Tag Archives: reasonable accommodations

Department of Justice Addresses Disability Discrimination in Housing

In recent proposed settlements in Wisconsin and Ohio, the U.S. Department of Justice targets disability discrimination against tenants by landlords.

Courtroom gavel on top of document.
The Fair Housing Act is one of many laws protecting people of all abilities. photo credit: My Trusty Gavel via photopin (license)

The Fair Housing Act establishes that housing should be accessible to people of all abilities.

According to a press release from the Department of Justice, a Wisconsin landlord and manager allegedly “discriminated against two residents of Applewood Apartments, a mother and daughter living together, and denied them rights by refusing to renew the residents’ lease because of their disabilities; demanding that they develop a ‘plan’ to deal with the daughter’s purported disability-related behavior (she is a person with Down Syndrome); and pressuring them to move.”

Discrimination, according to the press release, allegedly included not taking “prompt action to correct and end disability-related harassment by other tenants,” such as when other tenants made called the daughter “mentally retarded,” and stated “You don’t belong here. . . you belong in an institution,” as well as tenants interfering with their daily life on the premises.

Statue of woman holding scales representing weighing the sides of justice.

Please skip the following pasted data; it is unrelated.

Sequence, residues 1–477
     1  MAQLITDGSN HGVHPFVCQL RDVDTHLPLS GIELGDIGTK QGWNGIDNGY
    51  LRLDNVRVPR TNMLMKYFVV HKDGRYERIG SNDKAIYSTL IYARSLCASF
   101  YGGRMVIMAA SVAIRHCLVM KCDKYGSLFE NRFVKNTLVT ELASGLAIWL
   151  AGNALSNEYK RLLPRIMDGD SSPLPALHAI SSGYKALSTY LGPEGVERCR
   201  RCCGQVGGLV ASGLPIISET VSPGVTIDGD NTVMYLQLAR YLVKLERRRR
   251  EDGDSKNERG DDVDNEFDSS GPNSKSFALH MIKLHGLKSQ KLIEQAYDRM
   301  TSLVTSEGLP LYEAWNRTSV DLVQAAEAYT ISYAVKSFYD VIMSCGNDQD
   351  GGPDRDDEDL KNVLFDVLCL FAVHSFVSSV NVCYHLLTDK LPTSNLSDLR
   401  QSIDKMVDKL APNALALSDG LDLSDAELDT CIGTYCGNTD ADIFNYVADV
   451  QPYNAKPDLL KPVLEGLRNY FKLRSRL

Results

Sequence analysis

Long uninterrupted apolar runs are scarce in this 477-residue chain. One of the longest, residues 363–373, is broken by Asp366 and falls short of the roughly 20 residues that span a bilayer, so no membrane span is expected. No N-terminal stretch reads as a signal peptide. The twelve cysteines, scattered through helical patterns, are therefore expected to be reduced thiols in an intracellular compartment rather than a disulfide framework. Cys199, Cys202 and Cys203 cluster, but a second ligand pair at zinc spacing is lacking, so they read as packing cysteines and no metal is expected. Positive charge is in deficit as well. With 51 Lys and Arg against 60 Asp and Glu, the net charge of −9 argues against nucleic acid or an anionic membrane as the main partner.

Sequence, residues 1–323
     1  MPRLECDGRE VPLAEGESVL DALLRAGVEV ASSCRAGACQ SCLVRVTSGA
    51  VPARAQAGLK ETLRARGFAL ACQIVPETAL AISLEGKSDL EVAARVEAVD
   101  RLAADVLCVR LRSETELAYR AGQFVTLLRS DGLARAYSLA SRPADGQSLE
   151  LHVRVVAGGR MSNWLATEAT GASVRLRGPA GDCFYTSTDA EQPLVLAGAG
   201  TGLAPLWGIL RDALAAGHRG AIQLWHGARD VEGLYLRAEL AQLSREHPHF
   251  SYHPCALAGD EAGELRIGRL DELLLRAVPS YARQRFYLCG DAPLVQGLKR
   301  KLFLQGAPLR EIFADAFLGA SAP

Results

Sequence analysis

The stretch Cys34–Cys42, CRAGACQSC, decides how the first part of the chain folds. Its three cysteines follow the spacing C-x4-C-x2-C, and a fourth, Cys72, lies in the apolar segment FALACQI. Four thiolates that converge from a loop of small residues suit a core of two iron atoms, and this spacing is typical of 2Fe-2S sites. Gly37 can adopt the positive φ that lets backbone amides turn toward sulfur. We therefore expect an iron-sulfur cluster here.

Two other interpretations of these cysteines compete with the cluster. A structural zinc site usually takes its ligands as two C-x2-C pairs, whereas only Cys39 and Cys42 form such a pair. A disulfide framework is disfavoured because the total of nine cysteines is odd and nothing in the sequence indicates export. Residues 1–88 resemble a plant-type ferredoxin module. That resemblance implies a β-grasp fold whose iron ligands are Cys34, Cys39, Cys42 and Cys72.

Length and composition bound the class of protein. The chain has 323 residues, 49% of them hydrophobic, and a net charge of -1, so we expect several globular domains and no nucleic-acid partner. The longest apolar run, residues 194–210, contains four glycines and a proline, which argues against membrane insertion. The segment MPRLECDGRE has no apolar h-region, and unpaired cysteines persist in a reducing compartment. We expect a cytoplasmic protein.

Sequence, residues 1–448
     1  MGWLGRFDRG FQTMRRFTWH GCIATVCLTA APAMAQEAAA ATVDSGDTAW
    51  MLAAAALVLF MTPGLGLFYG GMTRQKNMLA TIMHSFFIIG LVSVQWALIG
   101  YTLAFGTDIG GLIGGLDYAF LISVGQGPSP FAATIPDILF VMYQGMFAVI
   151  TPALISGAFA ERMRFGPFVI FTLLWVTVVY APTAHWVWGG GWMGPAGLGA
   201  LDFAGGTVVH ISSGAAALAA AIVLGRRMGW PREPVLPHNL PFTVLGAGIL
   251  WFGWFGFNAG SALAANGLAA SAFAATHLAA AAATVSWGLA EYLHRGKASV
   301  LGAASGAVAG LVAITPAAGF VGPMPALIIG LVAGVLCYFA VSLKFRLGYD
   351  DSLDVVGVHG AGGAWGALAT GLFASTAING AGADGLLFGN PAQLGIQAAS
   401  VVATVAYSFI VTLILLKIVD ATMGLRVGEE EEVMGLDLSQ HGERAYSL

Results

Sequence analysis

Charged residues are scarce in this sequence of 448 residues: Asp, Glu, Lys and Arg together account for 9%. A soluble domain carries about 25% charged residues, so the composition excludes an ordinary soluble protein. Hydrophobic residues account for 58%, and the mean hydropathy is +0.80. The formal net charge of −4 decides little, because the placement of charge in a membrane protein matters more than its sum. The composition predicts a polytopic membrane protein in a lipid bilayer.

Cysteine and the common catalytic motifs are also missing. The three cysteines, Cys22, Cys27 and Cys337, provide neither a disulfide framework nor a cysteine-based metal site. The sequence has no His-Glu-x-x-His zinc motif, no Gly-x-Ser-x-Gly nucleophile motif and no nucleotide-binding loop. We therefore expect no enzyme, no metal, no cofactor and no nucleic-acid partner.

The U.S. Department of Justice ensures that Americans are treated fairly under the law. photo credit: Scales of Justice – Frankfurt Version via photopin (license)

According to the press release, terms of the settlement with the landlord are subject to U.S. District Court approval, and would include:

  • paying the complainants $40,000 in damages;
  • maintaining non-discrimination policies;
  • advertising themselves as equal opportunity housing provider; and
  • attending fair housing training.

Another case involves student housing at Kent State University in Ohio, according to a Department of Justice press release.

According to the release, the lawsuit alleges that Kent State University (KSU) “maintained a policy of not allowing students with psychological disabilities to keep emotional support animals in university-operated student housing.”

Picture of nine service animals with service animal vests.
Whether they are for physical, emotional, or cognitive disabilities, the right to a service dog is in most cases guaranteed under the law. photo credit: Service Dogs of Hawaii Fi-Do, Training Session, Working Dogs, Job, Group Photo via photopin (license)

A settlement agreement between the department and university must be approved by the U.S. District Court for the Northern District of Ohio. If approved, KSU will:

  • pay $100,000 to two former students who allegedly were “denied a reasonable accommodation to keep an emotional support dog in their university-operated apartment;”
  • pay $30,000 to the fair housing organization that advocated on behalf of the students;
  • pay $15,000 to the United States; and